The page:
We raced back home (I mean, we drove the exact 55 miles per hour that is the posted speed limit on the country highway).  As we pulled up to the house, I jumped out of the van, and began to run up to our front door. 

I mounted the steps to our front porch and found not only a pair of my underwear waiting there for me, but in addition, swinging in the wind so as to taunt me, a pink bra hanging from the front doorknob, for the viewing pleasure of anyone passing by our house.  

I thought I'd felt something snag when I went out the door that final time with a load of clothes to pack, but chalked it up to the universe plotting against me to make me late.  

Nothing says, "Someone calm and unruffled runs this household," like undergarments on display in the front yard, right?

Sunday, September 9, 2012

To Tide You Over

I'm overdue for a post.  I know.

I know what I'm going to write about in my next post, but only kinda sorta know how I want to say it.  It needs more time to marinate in the cerebrospinal fluid of my brain.

Until then, I'm going to blame the infrequency of my posting on our children.  Because that's why people have kids, right?  To blame stuff on them and get out of things you don't really want to do.  I'm pretty sure the same goes for pets.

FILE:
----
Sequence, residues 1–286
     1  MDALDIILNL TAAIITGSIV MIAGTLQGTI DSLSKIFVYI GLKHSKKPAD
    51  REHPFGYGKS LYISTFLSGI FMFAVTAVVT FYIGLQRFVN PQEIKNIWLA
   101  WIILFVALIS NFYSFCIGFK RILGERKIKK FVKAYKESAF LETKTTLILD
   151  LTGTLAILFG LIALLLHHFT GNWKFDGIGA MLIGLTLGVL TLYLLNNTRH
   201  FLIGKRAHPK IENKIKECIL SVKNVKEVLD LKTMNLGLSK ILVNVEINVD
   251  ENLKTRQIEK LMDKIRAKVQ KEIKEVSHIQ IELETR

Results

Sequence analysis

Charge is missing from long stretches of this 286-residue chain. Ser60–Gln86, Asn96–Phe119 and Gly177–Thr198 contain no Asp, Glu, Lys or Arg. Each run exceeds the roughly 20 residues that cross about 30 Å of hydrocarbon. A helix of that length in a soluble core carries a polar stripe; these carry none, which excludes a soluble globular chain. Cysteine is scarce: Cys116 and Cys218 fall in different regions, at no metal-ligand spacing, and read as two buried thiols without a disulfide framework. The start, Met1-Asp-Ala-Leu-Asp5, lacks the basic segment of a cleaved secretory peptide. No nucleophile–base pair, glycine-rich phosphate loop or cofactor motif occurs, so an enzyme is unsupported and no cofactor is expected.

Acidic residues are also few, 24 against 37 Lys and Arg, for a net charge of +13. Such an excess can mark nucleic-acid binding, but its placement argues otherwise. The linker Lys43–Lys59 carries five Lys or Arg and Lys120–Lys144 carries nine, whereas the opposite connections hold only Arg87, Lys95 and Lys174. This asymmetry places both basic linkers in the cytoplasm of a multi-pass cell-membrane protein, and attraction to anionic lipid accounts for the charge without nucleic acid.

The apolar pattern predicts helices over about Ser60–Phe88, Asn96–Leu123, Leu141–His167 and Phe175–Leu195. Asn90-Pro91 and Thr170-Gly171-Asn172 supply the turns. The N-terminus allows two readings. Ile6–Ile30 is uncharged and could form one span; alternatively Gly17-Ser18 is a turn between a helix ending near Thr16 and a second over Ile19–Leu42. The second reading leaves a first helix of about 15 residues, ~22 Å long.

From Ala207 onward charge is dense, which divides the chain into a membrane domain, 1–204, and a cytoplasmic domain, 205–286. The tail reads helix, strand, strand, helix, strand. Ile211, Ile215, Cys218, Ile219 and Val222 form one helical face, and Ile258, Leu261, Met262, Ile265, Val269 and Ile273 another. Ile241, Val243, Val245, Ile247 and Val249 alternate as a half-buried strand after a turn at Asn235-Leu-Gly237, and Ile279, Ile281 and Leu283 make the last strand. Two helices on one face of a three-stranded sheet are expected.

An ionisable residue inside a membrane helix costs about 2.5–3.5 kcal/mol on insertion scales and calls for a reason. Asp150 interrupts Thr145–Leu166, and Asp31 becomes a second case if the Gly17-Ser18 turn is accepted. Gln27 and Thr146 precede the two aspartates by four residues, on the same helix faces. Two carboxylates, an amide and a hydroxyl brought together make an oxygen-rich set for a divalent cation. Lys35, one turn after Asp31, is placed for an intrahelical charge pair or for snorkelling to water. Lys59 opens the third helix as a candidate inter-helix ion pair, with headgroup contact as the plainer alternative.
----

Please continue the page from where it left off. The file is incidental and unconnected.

Today the blame goes to Caedmon.  I'm convinced the fact that he no longer likes having his picture taken is the reason behind my lack of posting.  Somehow.

The camera has come out.  He is displeased.

Things are getting serious.

He's about to break the camera.  Sometimes I don't know when to stop.  Usually this face clues me in.

The end.

Tuesday, September 4, 2012

To That One Mom at Aldi

To That One Lady I Saw at Aldi Who Looked Like She Was About to Die of Embarrassment:

Hi there.

You don't know me.  I would have introduced myself today, but I could see it wasn't really a good time.  I was the other mom in the store, trying to keep my boys from staring at your kid as he had a complete and total meltdown.

I want you to know that I feel your pain.  You looked like you wanted the floor to open up and swallow you whole today, while your toddler first threw himself onto the floor and then proceeded to scream himself hoarse because you wouldn't buy him those cookies.